That means instead of having something like:

public class MyController(
  IWeatherService _weatherService) :
  public string GetWeatherData()
    var weatherData = _weatherService.GetWeatherData(...).Result;
    return Results.OK(weatherData);

Instead, we’d make the top-level async as well:

public class MyController(
  IWeatherService _weatherService) :
  public async Task<string> GetWeatherData()
    var weatherData = await _weatherService.GetWeatherData(...);
    return Results.OK(weatherData);

As soon as we introduce a .Result or .Wait() call, we are effectively blocking — and that is one of the key situations that can lead to deadlocks as the application gets more complex.

Using ConfigureAwait(false) with Async Await in C#

In order to prevent deadlocks, the ConfigureAwait method can be used with the false parameter. This instructs the await operator to not capture the current synchronization context, allowing the continuation to be executed on any available thread from the thread pool — not just the thread that started the call!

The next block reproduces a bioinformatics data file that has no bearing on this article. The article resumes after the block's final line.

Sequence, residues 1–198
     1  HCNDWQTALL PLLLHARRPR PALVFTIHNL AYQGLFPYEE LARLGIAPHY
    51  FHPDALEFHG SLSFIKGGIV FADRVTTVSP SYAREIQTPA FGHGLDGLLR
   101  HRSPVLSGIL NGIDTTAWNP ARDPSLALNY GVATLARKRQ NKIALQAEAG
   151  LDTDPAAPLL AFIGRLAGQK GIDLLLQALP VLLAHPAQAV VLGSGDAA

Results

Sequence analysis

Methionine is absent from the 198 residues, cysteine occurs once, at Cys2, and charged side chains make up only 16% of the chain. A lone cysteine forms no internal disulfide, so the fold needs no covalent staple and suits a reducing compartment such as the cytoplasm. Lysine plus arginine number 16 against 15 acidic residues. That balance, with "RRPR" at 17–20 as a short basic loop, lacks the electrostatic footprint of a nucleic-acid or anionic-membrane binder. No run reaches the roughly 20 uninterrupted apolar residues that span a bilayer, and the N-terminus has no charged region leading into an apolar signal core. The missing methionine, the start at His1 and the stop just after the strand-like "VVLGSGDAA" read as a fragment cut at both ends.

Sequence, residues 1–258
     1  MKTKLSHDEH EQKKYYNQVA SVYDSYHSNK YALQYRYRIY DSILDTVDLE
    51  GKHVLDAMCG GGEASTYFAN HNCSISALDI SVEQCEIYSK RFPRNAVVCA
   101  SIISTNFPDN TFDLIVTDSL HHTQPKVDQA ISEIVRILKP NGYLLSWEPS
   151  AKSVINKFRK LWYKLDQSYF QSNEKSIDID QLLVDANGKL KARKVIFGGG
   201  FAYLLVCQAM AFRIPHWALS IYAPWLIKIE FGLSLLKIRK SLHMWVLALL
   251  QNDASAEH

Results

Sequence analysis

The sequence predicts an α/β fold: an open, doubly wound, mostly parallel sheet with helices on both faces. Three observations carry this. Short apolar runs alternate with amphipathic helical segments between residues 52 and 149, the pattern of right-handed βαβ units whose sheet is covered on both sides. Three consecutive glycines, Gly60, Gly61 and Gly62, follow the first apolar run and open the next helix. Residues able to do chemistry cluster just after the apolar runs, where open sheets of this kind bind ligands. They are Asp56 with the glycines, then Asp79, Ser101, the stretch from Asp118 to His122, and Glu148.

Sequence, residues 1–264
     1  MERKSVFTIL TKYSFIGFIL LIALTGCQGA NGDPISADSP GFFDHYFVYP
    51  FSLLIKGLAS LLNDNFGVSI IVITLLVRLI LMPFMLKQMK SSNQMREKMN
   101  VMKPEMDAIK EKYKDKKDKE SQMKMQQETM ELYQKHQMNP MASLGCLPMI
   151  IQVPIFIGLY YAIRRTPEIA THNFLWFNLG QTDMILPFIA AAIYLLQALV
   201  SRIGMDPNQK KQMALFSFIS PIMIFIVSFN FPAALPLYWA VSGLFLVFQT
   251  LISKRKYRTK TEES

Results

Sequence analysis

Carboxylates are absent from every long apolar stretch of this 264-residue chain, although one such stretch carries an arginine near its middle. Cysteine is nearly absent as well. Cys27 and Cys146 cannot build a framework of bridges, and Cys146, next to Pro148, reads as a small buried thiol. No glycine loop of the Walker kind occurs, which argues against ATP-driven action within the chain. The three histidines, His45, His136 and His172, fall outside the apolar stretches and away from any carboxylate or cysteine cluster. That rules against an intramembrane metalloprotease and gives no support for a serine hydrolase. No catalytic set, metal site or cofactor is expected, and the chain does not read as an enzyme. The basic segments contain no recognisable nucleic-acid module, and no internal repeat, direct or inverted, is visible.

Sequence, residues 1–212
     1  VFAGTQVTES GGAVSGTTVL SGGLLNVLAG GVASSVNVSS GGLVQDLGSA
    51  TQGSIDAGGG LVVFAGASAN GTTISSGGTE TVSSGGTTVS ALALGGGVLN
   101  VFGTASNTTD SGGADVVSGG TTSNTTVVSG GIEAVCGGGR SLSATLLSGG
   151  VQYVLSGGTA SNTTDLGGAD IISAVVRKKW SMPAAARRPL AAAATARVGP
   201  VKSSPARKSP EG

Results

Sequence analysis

With ConfigureAwait(false), we can explicitly state that we do not require the original synchronization context to be captured, preventing the deadlock issue. Keep in mind that using ConfigureAwait(false) should be done carefully and only when it is absolutely necessary, as it may introduce potential issues if the code relies on the captured synchronization context for specific requirements. For example, if you’re running UI logic and you come back to execution not on the UI thread, you may be in for some surprises!

Let’s take a look at an example to illustrate the usage of ConfigureAwait(false) to prevent deadlocks:

public async Task<string> GetDataAsync()
    // NOTE: assume we enter this method on some given thread

    // use a false parameter on ConfigureAwait
    await SomeAsyncMethod().ConfigureAwait(false);

    // NOTE: we could be on a different thread than when we started this method!

    return ProcessData();

In the above example, SomeAsyncMethod is awaited using ConfigureAwait(false). This allows the continuation of the code to execute on any available thread, ensuring that the synchronization context is not captured and preventing potential deadlocks.

And while Stephen Cleary does say that this will help prevent deadlocks, he also had this to add:

Using ConfigureAwait(false) to avoid deadlocks is a dangerous practice. You would have to use ConfigureAwait(false) for every await in the transitive closure of all methods called by the blocking code, including all third- and second-party code. Using ConfigureAwait(false) to avoid deadlock is at best just a hack).